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P592 Towards a Food Pharmacy: increased dietary quality reduces CRP and improves quality of life in IBD patients in remission

I. Molendijk*1, J. E. Martens1, E. van Lingen1, S. van der Marel1, M. E. van Veen-Lievaart2, A. E. van der Meulen1, M. C. Barnhoorn1, A. M. Ernst-Stegeman3, J. Maljaars1

1Leiden University Medical Center, Gastroenterology and Hepatology, Leiden, The Netherlands, 2Leiden University Medical Center, Dietetics, Leiden, The Netherlands, 3Voeding Leeft, Amsterdam, The Netherlands


Evidence is emerging that a Mediterranean diet (MeD) can modulate the immune system and restore the gut epithelial barrier, thereby ameliorating inflammatory Bowel disease (IBD) -related complaints and quality of life (QOL). Therefore, we evaluated the effect of MeD during 6 months on QOL and inflammation. A MeD is characterised by use of olive oil as main culinary fat and a high intake of fruits, vegetables, legumes, nuts and fish, and a low intake of red meat.


A prospective case–control study evaluating the effect of a MeD on QOL and inflammation was performed. IBD patients with quiescent disease (defined as faecal calprotectin (FCP) < 150 mg/g and/or a SES-CD <5 (Crohn’s disease (CD)) / MAYO <1 (ulcerative colitis (UC) / IBD-Unclassified (IBD-U)) were enrolled at the IBD unit of the Leiden University Medical Center. Patients with a healthy diet or eating disorder were excluded. Patients willing to change their lifestyle were included in the Voeding Leeft program, which is closely comparable to a MeD within the context of a healthy lifestyle. Support was provided during three instruction and feedback days and using an online platform. The following parameters were measured at baseline and 6 months: the short IBD questionnaire (sIBDQ), fatigue score (1–10), Harvey–Bradshaw index (HBI) for CD and partial mayo score (PMS) for UC and C-reactive protein (CRP). The MDSS (Mediterranean Diet Serving Score) was used to score how much the patients’ diet resembled a MeD, on a scale from 0 to 24.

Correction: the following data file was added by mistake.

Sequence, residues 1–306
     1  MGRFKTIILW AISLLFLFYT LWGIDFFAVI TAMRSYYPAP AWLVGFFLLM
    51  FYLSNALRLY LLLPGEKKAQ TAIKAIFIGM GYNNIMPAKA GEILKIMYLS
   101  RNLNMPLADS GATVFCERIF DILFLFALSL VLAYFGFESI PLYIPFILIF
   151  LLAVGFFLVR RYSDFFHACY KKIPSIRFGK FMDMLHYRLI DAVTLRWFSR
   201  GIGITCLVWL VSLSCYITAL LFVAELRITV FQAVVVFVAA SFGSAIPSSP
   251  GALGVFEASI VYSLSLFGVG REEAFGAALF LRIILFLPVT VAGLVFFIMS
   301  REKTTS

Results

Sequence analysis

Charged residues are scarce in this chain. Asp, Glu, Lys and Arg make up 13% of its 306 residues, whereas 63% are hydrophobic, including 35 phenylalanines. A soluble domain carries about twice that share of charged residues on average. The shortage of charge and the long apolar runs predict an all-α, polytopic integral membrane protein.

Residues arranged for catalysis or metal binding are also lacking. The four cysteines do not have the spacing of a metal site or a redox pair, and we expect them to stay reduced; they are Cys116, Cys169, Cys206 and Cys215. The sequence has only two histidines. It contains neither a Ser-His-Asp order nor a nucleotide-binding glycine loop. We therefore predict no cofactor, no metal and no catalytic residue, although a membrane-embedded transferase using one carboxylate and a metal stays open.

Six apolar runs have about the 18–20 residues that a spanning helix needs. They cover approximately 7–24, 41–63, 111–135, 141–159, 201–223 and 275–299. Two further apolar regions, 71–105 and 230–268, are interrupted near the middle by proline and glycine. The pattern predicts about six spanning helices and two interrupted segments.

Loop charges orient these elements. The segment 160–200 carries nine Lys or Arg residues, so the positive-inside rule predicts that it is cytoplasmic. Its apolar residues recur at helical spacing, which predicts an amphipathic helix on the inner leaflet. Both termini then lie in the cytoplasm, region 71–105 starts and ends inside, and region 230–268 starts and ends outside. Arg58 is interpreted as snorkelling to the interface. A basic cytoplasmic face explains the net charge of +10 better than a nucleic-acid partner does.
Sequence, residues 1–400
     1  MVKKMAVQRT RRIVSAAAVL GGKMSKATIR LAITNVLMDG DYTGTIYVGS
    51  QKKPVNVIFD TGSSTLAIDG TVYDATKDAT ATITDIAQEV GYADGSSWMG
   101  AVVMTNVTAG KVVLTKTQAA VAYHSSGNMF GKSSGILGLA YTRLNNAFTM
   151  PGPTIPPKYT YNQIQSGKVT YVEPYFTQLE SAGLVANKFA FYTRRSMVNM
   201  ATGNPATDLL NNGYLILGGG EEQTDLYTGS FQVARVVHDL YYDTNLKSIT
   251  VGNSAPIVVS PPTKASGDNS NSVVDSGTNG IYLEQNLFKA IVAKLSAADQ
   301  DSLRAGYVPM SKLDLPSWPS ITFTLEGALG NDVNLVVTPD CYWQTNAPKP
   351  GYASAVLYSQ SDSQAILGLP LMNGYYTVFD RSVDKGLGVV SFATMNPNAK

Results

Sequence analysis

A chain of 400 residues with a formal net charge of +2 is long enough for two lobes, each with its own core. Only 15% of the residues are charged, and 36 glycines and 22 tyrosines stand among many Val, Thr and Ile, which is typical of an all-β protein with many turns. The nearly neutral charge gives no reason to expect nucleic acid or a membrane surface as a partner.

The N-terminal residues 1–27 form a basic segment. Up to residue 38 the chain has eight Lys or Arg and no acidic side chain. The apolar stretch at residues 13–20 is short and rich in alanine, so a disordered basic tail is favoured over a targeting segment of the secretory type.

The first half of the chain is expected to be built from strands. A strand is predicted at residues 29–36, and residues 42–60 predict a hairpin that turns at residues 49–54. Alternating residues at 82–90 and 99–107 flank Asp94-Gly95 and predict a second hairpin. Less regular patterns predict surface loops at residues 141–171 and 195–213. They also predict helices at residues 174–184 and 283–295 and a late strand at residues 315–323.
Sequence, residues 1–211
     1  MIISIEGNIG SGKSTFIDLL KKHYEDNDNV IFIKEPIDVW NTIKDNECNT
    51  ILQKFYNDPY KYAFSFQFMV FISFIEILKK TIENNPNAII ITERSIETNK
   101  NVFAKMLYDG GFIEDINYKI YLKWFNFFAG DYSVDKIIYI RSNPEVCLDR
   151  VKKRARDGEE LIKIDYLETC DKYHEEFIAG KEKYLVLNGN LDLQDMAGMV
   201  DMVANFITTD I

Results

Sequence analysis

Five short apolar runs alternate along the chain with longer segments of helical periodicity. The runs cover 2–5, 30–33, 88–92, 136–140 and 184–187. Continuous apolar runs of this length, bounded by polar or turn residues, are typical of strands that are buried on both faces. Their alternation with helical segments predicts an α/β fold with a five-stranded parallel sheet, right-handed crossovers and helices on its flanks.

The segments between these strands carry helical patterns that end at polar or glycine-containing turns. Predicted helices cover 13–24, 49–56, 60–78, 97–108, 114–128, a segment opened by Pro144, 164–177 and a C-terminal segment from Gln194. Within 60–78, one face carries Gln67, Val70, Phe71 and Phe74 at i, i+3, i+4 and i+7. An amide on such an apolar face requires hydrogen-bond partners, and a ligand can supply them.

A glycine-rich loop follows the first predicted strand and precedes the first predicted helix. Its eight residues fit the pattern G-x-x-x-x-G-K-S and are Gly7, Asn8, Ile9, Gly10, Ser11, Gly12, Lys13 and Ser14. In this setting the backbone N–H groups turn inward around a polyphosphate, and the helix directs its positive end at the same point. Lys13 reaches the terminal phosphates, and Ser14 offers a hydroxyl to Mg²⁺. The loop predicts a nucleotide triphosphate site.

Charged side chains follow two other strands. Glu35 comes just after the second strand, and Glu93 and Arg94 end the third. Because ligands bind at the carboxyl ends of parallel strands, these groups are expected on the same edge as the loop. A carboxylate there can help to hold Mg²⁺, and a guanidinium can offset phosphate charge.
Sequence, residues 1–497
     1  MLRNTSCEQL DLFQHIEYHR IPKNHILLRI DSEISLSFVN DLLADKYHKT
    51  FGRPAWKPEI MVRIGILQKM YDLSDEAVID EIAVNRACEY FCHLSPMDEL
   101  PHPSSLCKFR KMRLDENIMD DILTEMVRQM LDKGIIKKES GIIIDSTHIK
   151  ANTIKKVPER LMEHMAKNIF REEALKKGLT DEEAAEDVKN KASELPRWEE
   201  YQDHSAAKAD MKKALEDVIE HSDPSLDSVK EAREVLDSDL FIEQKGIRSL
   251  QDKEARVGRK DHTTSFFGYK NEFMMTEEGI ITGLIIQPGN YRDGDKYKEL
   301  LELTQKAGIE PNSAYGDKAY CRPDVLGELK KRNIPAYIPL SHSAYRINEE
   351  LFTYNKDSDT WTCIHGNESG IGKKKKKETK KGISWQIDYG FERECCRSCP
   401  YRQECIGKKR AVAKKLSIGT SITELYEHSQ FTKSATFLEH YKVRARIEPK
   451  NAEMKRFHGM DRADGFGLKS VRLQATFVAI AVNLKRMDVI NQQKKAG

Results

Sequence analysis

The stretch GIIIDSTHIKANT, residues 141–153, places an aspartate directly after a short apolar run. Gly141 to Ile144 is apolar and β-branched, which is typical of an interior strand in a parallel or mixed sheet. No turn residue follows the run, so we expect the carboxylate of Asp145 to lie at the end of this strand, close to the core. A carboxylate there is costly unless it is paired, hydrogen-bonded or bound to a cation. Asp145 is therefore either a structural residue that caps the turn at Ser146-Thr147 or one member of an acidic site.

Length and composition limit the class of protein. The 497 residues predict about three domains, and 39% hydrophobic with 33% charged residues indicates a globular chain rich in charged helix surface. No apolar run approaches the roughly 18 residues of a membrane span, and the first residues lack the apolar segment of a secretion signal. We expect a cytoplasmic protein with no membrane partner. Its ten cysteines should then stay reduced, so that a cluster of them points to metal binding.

In total, 94 patients were included in the study. Thirty-eight patients (intention to treat population, ITT) were included in the intervention group. Of these, 27 patients (per protocol population, PP) completed the 6 months period. In both the ITT and in the PP, the MDSS was increased at the end of the study period. In both the ITT and PP population, the intervention increased the sIBDQ and reduced the CRP. In the ITT group, the changes in sIBDQ (r = 0.39, p = 0.035) and CRP (r = −0.65, p = 0.001) were correlated to the improvement in the MDSS. In the control group, no changes in MDSS, sIBDQ or CRP were observed.


In quiescent IBD patients, over 70% of patients was able to adhere to the Voeding Leeft lifestyle program containing a MeD-like diet, for 6 months. The MeD improved QOL and reduced CRP. In the diet group, improvements in sIBDQ and reduction in CRP were related to the improvement in diet quality. These results demonstrate the value of lifestyle medicine in IBD patients.